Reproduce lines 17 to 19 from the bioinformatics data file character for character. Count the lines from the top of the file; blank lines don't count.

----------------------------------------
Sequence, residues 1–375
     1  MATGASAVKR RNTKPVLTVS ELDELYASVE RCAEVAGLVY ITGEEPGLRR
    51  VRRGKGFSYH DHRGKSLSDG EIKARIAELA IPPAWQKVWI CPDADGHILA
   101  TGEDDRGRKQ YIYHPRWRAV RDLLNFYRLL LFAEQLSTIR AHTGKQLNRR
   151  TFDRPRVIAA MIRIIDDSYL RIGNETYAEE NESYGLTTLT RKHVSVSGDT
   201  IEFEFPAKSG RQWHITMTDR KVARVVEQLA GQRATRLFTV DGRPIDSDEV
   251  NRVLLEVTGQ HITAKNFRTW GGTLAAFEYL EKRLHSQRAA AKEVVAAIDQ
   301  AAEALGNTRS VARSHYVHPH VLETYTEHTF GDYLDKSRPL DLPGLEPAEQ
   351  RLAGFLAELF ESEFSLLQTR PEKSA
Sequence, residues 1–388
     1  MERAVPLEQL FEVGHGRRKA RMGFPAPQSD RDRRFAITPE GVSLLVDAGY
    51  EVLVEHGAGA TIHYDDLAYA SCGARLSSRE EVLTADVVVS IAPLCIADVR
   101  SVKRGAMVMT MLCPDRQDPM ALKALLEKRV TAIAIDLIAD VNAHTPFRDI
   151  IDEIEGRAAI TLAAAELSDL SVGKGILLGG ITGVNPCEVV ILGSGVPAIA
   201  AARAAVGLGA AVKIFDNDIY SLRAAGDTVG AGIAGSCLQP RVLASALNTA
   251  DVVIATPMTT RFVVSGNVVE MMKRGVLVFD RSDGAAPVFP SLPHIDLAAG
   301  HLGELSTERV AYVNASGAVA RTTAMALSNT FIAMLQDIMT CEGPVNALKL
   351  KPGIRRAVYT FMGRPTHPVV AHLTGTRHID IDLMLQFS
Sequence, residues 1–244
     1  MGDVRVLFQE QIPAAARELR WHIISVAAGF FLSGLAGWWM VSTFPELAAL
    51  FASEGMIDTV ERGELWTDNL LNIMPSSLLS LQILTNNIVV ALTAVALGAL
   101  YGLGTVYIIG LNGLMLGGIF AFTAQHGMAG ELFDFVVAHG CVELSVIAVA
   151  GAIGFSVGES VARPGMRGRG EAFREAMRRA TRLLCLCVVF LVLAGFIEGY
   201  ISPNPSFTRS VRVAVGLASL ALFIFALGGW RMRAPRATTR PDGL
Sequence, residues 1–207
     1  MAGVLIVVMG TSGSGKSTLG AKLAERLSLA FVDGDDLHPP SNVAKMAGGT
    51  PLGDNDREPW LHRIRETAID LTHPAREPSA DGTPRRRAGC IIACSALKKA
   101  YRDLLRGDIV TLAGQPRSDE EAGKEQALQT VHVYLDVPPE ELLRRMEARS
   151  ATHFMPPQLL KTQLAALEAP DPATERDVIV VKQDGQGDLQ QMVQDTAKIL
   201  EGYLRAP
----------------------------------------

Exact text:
   301  HLGELSTERV AYVNASGAVA RTTAMALSNT FIAMLQDIMT CEGPVNALKL
   351  KPGIRRAVYT FMGRPTHPVV AHLTGTRHID IDLMLQFS
Sequence, residues 1–244